Cheese fondue is almost always eaten in groups with good friends. The heated mixture is placed at table in a special pot of mostly ceramic, the Caquelon, on the rechaud. Participants place bread or boiled potato pieces on a long fork, hold them in the liquid cheese, and make circular movements until the bread or potato is coated.
The pieces of bread are cut or plucked from white bread. Each piece of bread should have some crust, as this makes it easier to fix the pieces on the fork. Fresh bread is considered less suitable. The Swiss trade also offers special fondue breads, flat, pre-notched white breads.
In some regions, the fondue is not eaten with skewed pieces of bread, but the bread pieces or potatoes are doused with the liquid cheese by means of a ladle. This type of preparation creates a bridge to raclette.
Originally, no side dishes were served with the fondue. Today, however, sour vegetables, cucumbers, onions, cornichons and mixed pickles are often used, as well as Bündnerfleisch in eastern Switzerland and canned or fresh fruit in Ticino. In French Savoy, raw ham is widely used as a side dish.
Traditionally, dry white wine (in Switzerland Fendant, Savoy wine in France) or tea is drunk with the cheese fondue. Often the fondue is accompanied by a glass of brandy with kirsch, which – a popular misconception – is used as a remedy for hard-lying cheese. If the cheese mass is too thick, add sodium bicarbonate (or soda) in small quantities. This forms carbonic acid in the fondue with the liquid and makes it more airy and easily digestible.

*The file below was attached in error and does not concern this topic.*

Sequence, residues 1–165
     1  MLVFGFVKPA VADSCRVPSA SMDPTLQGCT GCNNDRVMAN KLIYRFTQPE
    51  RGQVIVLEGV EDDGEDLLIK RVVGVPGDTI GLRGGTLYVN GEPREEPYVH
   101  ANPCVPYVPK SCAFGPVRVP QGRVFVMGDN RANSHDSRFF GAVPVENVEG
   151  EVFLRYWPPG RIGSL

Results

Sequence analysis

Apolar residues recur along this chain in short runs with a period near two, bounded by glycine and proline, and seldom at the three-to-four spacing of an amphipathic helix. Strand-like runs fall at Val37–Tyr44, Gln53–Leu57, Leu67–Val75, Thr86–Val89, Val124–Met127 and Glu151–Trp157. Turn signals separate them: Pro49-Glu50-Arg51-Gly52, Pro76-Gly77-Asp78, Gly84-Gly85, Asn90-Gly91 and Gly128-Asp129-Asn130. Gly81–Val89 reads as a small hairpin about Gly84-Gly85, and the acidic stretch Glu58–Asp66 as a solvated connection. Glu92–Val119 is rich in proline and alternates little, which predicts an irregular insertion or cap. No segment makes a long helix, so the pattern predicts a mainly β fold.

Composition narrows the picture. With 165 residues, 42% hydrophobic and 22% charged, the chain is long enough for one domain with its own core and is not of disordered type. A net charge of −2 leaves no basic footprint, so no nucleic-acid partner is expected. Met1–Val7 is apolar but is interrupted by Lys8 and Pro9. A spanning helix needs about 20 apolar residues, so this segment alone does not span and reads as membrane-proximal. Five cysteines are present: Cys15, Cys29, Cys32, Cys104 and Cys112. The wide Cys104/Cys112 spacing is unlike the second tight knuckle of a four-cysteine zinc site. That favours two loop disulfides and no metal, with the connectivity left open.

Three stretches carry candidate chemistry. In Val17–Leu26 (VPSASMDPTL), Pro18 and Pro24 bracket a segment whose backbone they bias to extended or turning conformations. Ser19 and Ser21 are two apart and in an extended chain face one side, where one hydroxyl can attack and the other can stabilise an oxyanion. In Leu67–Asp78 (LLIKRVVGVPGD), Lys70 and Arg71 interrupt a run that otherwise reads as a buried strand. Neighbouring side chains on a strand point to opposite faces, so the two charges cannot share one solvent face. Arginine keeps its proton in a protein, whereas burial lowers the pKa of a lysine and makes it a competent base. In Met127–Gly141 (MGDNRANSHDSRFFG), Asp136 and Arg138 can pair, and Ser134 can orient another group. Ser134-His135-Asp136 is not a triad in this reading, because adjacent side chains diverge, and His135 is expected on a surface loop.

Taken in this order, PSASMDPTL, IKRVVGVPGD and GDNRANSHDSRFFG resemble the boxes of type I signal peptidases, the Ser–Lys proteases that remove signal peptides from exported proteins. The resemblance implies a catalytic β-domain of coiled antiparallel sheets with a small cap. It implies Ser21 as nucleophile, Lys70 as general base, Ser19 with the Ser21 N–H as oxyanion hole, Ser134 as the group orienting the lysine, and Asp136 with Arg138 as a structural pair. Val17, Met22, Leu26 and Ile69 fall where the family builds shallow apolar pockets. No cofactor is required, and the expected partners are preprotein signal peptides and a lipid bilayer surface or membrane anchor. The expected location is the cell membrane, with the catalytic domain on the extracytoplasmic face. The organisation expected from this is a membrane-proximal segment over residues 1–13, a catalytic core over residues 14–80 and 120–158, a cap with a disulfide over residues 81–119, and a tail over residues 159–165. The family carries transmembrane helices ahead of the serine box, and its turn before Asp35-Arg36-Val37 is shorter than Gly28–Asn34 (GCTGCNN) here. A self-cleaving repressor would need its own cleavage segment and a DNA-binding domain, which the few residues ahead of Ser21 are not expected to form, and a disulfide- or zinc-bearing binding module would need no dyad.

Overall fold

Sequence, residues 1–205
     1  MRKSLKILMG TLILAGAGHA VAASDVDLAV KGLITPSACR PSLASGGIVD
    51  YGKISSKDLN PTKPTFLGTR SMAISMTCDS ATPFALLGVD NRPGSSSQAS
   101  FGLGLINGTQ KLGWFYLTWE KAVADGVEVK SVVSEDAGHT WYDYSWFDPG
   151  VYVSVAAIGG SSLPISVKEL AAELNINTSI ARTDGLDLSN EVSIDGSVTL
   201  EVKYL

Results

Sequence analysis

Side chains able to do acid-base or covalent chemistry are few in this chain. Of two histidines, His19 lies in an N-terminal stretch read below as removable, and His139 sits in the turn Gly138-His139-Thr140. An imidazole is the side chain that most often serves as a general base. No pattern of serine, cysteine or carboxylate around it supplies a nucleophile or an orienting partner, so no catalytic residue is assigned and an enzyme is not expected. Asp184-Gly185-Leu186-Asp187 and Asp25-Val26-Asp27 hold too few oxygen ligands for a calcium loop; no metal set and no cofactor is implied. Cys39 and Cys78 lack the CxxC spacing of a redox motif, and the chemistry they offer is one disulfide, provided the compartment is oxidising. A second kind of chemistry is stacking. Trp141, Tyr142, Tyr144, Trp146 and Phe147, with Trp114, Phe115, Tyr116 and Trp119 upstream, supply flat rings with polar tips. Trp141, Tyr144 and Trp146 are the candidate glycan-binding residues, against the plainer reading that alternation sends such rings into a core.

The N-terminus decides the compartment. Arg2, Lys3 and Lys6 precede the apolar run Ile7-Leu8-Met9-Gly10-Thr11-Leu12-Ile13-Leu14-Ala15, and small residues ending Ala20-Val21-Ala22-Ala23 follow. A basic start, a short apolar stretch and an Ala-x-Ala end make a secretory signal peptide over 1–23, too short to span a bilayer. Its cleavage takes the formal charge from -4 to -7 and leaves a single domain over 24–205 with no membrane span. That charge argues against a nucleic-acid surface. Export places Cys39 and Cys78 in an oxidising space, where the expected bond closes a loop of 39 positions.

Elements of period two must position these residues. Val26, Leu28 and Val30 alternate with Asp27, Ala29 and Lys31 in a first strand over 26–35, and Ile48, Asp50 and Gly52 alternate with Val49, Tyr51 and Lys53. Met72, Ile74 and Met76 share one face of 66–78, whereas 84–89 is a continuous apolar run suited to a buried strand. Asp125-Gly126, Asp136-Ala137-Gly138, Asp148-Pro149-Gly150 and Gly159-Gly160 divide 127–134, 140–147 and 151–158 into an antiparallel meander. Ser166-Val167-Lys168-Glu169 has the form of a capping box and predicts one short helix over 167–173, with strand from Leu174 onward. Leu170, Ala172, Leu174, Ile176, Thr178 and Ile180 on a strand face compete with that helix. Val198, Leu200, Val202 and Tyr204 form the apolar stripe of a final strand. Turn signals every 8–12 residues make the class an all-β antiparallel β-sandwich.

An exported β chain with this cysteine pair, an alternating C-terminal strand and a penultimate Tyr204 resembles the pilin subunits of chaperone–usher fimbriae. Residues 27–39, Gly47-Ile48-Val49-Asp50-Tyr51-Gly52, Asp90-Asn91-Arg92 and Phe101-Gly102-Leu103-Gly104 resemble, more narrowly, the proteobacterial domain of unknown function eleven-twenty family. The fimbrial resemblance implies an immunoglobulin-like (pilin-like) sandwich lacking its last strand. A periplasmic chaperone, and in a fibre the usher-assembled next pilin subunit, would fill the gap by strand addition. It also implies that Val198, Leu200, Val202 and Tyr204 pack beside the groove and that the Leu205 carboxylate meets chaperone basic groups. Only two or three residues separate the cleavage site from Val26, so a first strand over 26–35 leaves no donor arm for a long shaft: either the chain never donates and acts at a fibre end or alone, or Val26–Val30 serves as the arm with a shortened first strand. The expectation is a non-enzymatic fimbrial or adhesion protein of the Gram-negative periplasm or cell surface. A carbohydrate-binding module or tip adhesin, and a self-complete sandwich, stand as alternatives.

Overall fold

At the bottom of the caquelone emerges a croûton, religious or nun or grandmother called crust, which can be scratched out and eaten. In Lower Valais, it is customary to mix the last fifth of the fondue mixture with anise brandy and egg yolk, which makes it particularly strong.
Fondue is also served as a late breakfast in the Romandie countryside and elsewhere in the Alps.
Cheese fondue – history and legends
The fondue is said to have been invented by alps dairy men. They would have, cut off from the environment, tried new recipe variants with the food available to them – cheese and bread. However, it can be assumed that this is just a legend.
From stories it is clear that monks were not allowed to eat solid food during Lent; By melting cheese, hunger was quenched without breaking the fasting rule. In Switzerland, the explanation is widespread, the origin of the fondue lying in the Kappeler milk soup, which was eaten at peace in the first Kappelerkrieg.
The exact origin of the cheese fondue is unclear. Both Switzerland and Savoy in France (where it is known as a fondue savoyarde as a national specialty) raise the claim to the origin of the fondue. The cheese fondue as a Swiss national dish has only existed since the 1950s – only with the inclusion of the court in the army cookbooks fondue became known throughout Switzerland. The military men brought the recipe from military service to the families. To this day, fondue cooking is a men’s business in many households.
Probably the first fondue recipe in German comes from the cookbook of the Anna Maria Gessner from Zurich, which she wrote in 1699: “Thu a half glässlin full of wine in a leaf and the glutpfann and thu geschabten or torn old feke käss darein and let him cook in the wine , he bit off gantz and you do not feel the wine in the kusten anymore. ”
The first fondue as a finished product was launched in 1955. In the 1970s and 1980s, a broad advertising campaign was conducted in Switzerland under the motto “Fondue isch guet and git e gueti luune” (Fondue is good and makes a good mood). You could rent sets with caquelon, rechaud and forks in almost every cheese dairy for a small fee. Today, this service is superfluous, as a complete set is available in most Swiss households.
Preparing cheese fondue outdoors at a cooking fire
An important aspect of fondue dining is social gathering, starting at best with the preparation of the dish and supported by factors such as the simplicity of the meal and cooking over an open flame. For example, in the Romandie, fondue is often prepared in summer over a cooking fire.